October 2, 2014 in Research
October 2, 2014
Source: Ludwig-Maximilians-Universitaet Muenchen (LMU)
Barely perceptible low-frequency signals nevertheless activate measurable responses in our auditory circuits. Neurobiologists have now characterized the remarkable impact of low-frequency sounds on the inner ear.
Sources of low-frequency signals are a prominent feature of technologically advanced societies like our own. Wind turbines, air-conditioning systems and heat pumps, for instance, can generate such sounds. Hearing thresholds in this region of the acoustic spectrum vary from one person to the next. “But the assumption that the ear is unresponsive to low-frequency sounds because these are seldom consciously perceived is actually quite false. The ear indeed reacts to very low-frequency signals,” says one investigator.
September 17, 2014 in Community News
by Sean Buckley
When we think about gadgets to aid the hearing impaired, cochlear implants usually come to mind — but these devices are expensive and require invasive surgery. Neuroscientist Dr. David Eagleman and graduate student Scott Novich have another idea: sensory substation clothing. The two are developing a hearing device that you wear on your torso. It’s called the Vibrotactile Extra-Sensory Transducer (or simply “Vest” for short) and it translates sound into tactile feedback. Eaglman says that with training, the brain can actually learn to translate Vest’s vibrations into useful data — meaning that wearers could potentially “hear” through their skin.
It sounds insane, but Eagleman says it’s not all that different than from how hearing works naturally. The brain, he explains, can’t actually hear — it’s just interpreting electrical signals . . .
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September 18, 2013 in Families, Hearing Loss & Deafness
School Sounds Tour
From National Institute for Deafness and Other Communication Disorders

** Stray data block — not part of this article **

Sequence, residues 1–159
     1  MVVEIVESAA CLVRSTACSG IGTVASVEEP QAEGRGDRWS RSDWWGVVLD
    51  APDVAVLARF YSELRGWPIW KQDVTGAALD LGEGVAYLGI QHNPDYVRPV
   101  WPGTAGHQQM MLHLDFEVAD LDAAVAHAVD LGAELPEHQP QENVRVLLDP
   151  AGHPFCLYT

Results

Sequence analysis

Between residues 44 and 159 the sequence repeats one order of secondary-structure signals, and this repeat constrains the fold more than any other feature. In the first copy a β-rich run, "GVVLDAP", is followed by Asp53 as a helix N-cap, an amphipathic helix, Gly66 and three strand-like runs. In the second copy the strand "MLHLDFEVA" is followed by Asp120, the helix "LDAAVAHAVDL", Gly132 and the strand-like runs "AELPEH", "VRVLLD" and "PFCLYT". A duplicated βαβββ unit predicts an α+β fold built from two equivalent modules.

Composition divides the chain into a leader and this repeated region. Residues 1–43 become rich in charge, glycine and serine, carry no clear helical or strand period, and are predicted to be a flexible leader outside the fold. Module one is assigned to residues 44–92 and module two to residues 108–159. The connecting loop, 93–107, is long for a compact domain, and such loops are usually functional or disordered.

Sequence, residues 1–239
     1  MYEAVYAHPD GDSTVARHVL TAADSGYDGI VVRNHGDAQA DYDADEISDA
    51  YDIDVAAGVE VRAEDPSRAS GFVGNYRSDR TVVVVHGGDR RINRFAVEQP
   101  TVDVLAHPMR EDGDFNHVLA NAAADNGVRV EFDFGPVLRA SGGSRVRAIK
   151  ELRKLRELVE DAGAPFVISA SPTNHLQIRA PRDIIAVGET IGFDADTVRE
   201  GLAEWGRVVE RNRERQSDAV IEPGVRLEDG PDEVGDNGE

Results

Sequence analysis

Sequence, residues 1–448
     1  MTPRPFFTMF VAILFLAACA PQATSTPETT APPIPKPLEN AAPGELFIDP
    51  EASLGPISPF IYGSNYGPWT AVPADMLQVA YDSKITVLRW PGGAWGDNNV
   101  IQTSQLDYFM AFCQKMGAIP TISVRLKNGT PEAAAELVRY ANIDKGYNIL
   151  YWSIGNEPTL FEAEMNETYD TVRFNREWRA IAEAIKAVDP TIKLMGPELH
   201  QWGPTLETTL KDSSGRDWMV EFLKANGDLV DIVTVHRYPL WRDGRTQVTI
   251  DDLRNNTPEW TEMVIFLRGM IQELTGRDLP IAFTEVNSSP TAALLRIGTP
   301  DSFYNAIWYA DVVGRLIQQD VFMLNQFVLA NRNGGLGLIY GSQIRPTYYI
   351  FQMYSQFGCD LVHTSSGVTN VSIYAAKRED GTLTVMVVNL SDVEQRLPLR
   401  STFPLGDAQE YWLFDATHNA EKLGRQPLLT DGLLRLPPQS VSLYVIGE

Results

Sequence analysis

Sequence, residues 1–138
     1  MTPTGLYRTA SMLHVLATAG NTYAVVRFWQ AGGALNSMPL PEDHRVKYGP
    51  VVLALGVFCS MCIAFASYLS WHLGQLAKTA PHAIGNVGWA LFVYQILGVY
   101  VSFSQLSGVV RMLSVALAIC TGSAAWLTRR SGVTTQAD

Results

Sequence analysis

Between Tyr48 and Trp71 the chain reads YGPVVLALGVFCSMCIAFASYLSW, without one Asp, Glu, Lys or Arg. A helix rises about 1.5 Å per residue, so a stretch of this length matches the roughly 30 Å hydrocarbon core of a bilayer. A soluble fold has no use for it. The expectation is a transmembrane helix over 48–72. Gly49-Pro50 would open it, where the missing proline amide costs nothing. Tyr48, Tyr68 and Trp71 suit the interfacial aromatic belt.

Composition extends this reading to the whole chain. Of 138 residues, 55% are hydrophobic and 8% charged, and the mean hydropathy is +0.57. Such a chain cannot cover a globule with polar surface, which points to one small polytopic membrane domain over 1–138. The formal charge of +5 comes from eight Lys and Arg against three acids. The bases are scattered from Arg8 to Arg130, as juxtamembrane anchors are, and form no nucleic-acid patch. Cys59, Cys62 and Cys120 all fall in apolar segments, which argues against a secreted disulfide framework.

|Returning to school can be an exciting time for children as they reconnect with friends, meet their new teachers, and explore new subjects. As your children settle back into the school day routine, help them become aware of noise levels in their school environment.Talk with your children about noise levels at school and the importance of quiet spaces. Ask them to identify the noisiest and quietest spots they’ve noticed during their school day. Give them examples of places that might be loud (gym, crowded hallways, cafeteria) and quiet (classroom during reading time, art class, library).
With teacher and principal approval, your children can take a decibel meter to school to measure noisy and quiet spaces and share what they find with friends. Discuss the findings with your children and explain the dangers of prolonged or repeated exposure to any noise at or above 85 decibels. Sound meters can be purchased from an electronics store or through websites. Downloadable sound meter apps are also available for most smartphones.
For more information on teaching your tweens about noise levels, go to the Noisy Planet website to read Teachable Moments About Healthy Hearing, and take a look at our Interactive Sound Ruler. You can also post your children’s experiences on our Noisy Planet Facebook page.
Distributed 2013 by Northern Virginia Resource Center for Deaf and Hard of Hearing Persons (NVRC), 3951 Pender Drive, Suite 130, Fairfax, VA 22030; www.nvrc.org; 703-352-9055 V, 703-352-9056 TTY, 703-352-9058 Fax. Items in this newsletter are provided for information purposes only; NVRC does not endorse products or services. You do not need permission to share this information, but please be sure to credit NVRC. This news service is free of charge, but donations are greatly appreciated.
April 8, 2013 in Community News, Hearing Loss & Deafness
The Real Sounds of Hearing Loss
The website of Houston Public Radio has a great series of audio clips that simulate what sound is like to someone with a hearing loss. It’s a great resource for friends, family members, co-workers, and others to help increase their understanding.
Check it out at:
Distributed 2013 by Northern Virginia Resource Center for Deaf and Hard of Hearing Persons (NVRC), 3951 Pender Drive, Suite 130, Fairfax, VA 22030; www.nvrc.org; 703-352-9055 V, 703-352-9056 TTY, 703-352-9058 Fax. Items in this newsletter are provided for information purposes only; NVRC does not endorse products or services. This news service is free of charge, but donations are greatly appreciated.